Face Scanning Cameras To Replace Passport Control Officers

Face Scanning Cameras To Replace Passport Control Officers
Passengers to be scanned in effort to "identify criminals and terrorists trying to enter the UK illegally".

Steve Watson
day, August 19, 2008


 Passport control officers at airports are to be phased out as new biometric face scanning cameras are to be rolled out under new UK border control measures.

The scheme works by scanning passengers’ faces and comparing them to photographs digitally stored on microchips in new biometric passports.

The technology, currently being trialed at Manchester airport is compatible with biometric passports issued throughout the EU, Norway, Switzerland and Iceland.

The system is optional for now, however, passengers opting to use more traditional methods will likely have to endure longer queues, where as those with biometric passports can walk straight through unmanned gates as long as they pass the detectors.

Watch a BBC report on the cameras here.

Home Secretary Jacqui Smith commented:

‘The UK has one of the toughest borders in the world and we are determined to ensure it stays that way,’

‘Our hi-tech electronic borders system will allow us to count all foreign nationals in and out of the UK, while checking them against watch lists.

‘These checks make up just one part of Britain’s triple ring of security, alongside fingerprint visas for three-quarters of the world’s population, and the roll out of ID cards for foreign nationals, locking people to one identity.’

However, the Passport Control office is not where the use of facial scanners will end.

A 2007 British government report muted an extensive upgrade to cctv systems all across the country to incorporate facial scanning technology. The report suggested a central database of every camera and a network allowing access to it could be beneficial.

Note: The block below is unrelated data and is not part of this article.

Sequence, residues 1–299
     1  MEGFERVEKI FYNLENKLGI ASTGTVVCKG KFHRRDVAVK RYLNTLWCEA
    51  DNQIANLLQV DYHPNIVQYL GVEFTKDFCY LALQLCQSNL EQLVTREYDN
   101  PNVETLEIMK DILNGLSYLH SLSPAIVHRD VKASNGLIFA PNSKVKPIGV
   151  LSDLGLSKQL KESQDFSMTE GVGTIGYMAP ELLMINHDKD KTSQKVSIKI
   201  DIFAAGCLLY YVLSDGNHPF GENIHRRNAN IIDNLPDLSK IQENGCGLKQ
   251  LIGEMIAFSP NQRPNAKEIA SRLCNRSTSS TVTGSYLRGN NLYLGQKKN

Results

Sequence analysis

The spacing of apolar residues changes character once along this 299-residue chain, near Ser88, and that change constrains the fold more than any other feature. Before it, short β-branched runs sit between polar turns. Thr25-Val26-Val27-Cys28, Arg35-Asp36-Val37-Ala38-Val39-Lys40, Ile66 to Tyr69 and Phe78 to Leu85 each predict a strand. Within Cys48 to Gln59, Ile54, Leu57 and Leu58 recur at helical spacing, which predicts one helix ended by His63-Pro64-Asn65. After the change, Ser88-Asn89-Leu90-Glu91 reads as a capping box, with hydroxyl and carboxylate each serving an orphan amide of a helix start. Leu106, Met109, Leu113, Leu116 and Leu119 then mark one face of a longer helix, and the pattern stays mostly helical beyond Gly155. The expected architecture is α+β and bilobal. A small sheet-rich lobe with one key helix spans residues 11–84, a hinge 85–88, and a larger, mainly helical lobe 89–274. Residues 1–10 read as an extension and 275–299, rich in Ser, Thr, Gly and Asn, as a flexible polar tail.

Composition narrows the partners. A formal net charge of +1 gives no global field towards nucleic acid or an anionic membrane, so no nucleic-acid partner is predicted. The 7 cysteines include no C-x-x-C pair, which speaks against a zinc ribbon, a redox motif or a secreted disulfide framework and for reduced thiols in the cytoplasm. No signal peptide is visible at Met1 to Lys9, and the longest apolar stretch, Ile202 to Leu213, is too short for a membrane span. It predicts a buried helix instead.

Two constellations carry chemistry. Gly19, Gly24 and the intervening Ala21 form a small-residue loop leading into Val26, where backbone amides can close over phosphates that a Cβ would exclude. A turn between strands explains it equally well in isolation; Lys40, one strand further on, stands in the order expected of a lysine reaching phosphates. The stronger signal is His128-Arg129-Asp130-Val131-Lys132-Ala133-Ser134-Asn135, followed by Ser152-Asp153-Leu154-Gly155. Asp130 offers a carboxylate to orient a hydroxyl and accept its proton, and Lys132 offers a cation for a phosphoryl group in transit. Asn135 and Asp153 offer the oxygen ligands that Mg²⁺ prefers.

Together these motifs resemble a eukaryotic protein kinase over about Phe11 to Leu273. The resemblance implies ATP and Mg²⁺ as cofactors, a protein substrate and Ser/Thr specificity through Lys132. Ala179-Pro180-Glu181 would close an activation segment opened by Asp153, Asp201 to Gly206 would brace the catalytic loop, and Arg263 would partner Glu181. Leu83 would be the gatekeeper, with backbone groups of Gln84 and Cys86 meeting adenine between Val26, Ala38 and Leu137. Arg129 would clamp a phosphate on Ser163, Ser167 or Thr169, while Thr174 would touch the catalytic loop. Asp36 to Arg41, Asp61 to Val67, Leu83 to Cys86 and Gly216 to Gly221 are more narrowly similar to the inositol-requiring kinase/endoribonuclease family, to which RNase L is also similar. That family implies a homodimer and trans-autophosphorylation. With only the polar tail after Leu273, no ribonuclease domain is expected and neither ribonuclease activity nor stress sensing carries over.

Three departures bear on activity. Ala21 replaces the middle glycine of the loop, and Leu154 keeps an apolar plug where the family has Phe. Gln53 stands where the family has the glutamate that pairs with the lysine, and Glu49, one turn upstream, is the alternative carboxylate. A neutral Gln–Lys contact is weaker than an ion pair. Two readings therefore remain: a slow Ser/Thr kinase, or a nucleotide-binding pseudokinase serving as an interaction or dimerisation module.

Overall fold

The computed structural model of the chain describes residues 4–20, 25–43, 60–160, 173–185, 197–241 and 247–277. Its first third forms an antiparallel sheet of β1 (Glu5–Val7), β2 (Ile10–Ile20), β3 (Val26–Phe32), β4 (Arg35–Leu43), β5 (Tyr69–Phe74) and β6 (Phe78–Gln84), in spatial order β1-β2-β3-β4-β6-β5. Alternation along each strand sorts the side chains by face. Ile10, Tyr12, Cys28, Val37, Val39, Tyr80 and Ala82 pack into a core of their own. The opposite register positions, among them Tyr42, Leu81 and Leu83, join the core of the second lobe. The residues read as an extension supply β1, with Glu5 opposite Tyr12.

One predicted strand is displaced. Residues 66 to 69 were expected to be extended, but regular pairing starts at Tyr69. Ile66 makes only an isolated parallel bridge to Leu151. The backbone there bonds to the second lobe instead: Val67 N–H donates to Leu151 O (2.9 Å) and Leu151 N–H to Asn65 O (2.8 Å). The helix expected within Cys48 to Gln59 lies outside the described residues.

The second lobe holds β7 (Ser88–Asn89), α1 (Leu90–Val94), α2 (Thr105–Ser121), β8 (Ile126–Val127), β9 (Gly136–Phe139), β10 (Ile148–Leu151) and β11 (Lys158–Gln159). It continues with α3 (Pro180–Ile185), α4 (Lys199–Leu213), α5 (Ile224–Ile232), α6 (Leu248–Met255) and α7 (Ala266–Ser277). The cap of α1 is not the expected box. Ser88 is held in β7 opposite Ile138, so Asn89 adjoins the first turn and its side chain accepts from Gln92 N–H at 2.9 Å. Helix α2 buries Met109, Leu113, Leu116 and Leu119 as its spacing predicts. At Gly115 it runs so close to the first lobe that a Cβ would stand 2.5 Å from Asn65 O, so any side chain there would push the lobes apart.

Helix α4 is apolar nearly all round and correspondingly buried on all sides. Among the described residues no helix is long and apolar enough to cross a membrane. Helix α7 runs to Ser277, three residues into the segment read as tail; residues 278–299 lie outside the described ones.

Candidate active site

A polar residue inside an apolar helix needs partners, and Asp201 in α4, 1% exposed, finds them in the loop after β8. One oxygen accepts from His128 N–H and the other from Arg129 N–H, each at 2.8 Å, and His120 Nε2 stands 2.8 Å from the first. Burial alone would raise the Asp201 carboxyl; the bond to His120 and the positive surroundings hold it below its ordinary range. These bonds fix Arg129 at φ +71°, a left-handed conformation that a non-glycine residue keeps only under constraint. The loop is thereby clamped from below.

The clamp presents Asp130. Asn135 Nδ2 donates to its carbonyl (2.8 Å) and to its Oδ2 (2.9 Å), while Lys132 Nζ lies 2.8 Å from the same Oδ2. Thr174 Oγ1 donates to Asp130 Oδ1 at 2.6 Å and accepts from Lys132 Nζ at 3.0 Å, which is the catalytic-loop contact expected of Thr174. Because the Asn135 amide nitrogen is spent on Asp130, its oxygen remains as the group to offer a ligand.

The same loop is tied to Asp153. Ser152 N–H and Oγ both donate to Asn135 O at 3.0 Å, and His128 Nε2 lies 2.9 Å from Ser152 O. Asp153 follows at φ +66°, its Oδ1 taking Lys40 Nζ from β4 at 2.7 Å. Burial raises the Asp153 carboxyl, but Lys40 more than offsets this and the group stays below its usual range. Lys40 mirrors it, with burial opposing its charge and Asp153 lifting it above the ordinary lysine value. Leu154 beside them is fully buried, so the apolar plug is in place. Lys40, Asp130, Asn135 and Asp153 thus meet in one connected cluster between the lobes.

In the US there are several schemes that use Facial Recognition Technology in conjunction with Federal agencies, tying the technology to traditional documents such as drivers licenses, passports and credit cards.

A biometric face recognition system has already been approved in China and is expected to be used at airports, customs entrances, banks, post offices, residential areas and other public places in the near future.

Other proposals include placing the cameras in every seat on aircraft and installing software to try and automatically detect terrorists or other dangers caused by passengers.

We are assured that cigarette vending machines will employ the technology in order to enforce smoking laws. Similarly, supermarkets in the UK have already started trialing the technology with the justification being a crackdown on underage drinking.

In Japan facial scanning cameras are being installed in train and bus stations to replace tickets in a move to make the individual features of the face a "unique bar code" as part of an antiterrorism and anticrime initiative.

Police in Tokyo are also asking home and shop owners to mount the cameras outside their properties. "Police investigating an incident in the neighborhood would have access to these images." according to reports.

Cell phones and computers are now also being produced with face scanning cameras.

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